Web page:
Another toothpaste (Toothpaste C) was made also using BACO AF239 alumina trihydrate according to the following formula:
______________________________________ %Milled alumina trihydrate 50.00Sorbitol (70% syrup) 27.00Xanthan gum 1.20Sodium lauryl sulphate 1.50Titanium dioxide 1.50Sodium saccharin 0.21Formalin 0.05Benzoic acid 0.27Sodium hydroxide 0.01Flavour 1.30Water to 100.00pH = 6.8______________________________________
When this toothpaste was stored at 65° C. for 1 month the toothpaste caused severe swelling of the aluminium tubes. This toothpaste was modified in accordance with the following Examples 8 to 11 by incorporating varying amounts of LUDOX SM-30 in the composition, the amount of the water being correspondingly reduced, as previously. In the procedure used for making these toothpastes, however, the silica sol was added at the end of the mixing procedure just prior to final pH adjustment with the benzoic acid. The amounts of the silica sol added are indicated below.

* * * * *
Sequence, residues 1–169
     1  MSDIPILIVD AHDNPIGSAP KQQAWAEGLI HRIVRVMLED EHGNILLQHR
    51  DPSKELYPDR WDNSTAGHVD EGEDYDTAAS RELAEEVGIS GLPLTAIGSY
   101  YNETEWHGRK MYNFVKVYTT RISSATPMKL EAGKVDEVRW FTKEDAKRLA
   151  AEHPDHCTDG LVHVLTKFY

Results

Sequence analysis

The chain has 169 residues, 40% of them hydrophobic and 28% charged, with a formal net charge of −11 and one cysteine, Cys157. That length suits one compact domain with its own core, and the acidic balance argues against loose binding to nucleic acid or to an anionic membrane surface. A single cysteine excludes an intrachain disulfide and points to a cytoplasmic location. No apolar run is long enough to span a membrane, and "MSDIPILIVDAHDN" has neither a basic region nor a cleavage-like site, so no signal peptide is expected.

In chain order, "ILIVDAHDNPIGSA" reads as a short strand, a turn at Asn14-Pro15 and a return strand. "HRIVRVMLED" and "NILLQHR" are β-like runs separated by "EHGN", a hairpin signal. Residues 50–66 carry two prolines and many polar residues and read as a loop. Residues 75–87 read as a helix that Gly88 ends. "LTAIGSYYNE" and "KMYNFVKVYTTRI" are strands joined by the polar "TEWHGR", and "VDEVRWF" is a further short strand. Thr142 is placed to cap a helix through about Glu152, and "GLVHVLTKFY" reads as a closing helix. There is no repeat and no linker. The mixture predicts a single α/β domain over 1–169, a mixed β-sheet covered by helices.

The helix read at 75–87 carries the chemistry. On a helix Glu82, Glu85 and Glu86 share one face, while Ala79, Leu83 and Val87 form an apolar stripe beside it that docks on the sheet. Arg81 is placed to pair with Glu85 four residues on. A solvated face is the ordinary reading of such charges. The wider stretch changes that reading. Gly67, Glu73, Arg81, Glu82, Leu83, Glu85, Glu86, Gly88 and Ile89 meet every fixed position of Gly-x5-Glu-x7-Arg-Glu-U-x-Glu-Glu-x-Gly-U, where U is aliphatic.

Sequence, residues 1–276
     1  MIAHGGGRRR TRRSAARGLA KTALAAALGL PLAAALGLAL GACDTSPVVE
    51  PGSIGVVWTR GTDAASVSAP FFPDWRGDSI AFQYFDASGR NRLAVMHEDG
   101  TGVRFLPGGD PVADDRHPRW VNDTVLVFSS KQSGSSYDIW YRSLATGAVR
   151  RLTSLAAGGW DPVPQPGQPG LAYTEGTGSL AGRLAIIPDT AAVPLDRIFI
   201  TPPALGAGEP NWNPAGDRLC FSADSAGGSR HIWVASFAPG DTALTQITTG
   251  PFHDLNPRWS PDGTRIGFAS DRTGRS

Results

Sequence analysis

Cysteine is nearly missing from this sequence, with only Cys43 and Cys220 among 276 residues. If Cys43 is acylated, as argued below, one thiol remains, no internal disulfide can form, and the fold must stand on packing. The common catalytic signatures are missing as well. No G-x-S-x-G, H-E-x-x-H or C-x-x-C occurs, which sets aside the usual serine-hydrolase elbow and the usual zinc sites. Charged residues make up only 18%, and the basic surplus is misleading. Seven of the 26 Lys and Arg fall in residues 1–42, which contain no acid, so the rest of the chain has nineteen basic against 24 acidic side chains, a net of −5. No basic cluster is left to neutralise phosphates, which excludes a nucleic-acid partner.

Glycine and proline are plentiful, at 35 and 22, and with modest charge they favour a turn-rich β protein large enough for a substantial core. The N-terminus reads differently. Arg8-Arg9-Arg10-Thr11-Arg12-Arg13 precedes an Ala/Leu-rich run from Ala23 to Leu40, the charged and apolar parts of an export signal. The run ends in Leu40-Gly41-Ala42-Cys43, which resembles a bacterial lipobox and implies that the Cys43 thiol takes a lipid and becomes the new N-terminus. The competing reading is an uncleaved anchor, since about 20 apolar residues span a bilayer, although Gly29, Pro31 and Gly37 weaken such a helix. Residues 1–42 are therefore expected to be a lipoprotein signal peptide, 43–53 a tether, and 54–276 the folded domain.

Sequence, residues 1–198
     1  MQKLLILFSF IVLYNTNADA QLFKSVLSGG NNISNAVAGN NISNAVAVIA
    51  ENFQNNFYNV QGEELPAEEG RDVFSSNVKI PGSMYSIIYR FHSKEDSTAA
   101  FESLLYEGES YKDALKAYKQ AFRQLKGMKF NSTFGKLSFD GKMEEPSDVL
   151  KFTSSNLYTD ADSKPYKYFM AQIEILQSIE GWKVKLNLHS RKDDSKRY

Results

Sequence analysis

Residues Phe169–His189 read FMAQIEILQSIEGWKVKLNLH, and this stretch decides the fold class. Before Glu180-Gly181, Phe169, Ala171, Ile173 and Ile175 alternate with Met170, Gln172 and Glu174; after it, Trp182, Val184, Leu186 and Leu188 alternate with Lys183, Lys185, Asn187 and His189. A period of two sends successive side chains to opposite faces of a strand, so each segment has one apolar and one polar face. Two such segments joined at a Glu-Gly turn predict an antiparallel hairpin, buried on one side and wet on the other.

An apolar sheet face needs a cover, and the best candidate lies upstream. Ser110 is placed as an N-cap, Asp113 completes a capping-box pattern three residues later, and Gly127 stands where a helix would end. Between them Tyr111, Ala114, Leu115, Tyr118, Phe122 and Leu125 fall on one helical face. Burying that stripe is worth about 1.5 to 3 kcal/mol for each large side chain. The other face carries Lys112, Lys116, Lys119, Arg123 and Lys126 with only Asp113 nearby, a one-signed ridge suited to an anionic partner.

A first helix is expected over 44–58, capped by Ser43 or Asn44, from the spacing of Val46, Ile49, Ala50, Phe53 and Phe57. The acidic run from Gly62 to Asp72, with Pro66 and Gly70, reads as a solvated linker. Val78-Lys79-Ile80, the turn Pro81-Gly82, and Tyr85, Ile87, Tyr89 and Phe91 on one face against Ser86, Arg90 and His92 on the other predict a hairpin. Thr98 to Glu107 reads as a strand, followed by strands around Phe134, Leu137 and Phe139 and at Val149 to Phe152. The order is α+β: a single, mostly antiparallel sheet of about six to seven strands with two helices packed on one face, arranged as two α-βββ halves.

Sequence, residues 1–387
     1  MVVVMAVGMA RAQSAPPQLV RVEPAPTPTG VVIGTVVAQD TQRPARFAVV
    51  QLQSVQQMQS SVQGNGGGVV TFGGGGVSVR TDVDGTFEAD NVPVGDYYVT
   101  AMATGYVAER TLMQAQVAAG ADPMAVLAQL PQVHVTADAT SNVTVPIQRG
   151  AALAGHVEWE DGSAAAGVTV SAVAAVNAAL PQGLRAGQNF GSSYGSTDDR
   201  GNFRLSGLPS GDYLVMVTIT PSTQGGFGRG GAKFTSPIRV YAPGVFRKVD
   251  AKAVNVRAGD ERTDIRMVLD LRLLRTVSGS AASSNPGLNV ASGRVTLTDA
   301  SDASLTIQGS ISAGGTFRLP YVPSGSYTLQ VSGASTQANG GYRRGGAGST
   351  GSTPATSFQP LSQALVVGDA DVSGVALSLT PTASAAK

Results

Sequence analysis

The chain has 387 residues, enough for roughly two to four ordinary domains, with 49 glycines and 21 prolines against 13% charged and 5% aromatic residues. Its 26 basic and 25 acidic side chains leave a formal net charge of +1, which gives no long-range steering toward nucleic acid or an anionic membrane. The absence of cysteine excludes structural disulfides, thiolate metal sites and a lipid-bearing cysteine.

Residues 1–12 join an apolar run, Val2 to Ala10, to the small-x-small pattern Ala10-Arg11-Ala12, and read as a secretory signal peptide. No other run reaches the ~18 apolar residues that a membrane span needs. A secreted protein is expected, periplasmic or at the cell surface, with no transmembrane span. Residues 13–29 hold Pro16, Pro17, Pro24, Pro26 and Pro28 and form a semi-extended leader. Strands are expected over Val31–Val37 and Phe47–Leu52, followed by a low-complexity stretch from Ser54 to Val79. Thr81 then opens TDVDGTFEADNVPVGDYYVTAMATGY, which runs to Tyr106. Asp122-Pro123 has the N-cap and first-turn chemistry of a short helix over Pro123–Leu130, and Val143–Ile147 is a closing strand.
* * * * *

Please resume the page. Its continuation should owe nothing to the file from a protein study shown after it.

______________________________________ Amount of Silica Sol added (%Example by weight of the toothpaste)______________________________________ 8 0.1 9 0.510 1.011 3.0______________________________________
These toothpastes were also stored at 65° C. for 1 month. In the case of Example 8 there was no noticeable swelling of the toothpaste tubes and there was only slight swelling in the case of Examples 9 to 11, again demonstrating the inhibitory effect of the silica sol.
|Cited Patent||Filing date||Publication date||Applicant||Title|
|US1912175 *||Jun 28, 1928||May 30, 1933||Aluminum Co Of America||Alkaline detergent compositions and method of rendering the same noncorrosive to aluminum|
|US3506499 *||Mar 10, 1965||Apr 14, 1970||Yawata Seitetsu Kk||Method of surface-treating zinc,aluminum and their alloys|
|US3678155 *||Oct 15, 1969||Jul 18, 1972||Lever Brothers Ltd||Toothpastes|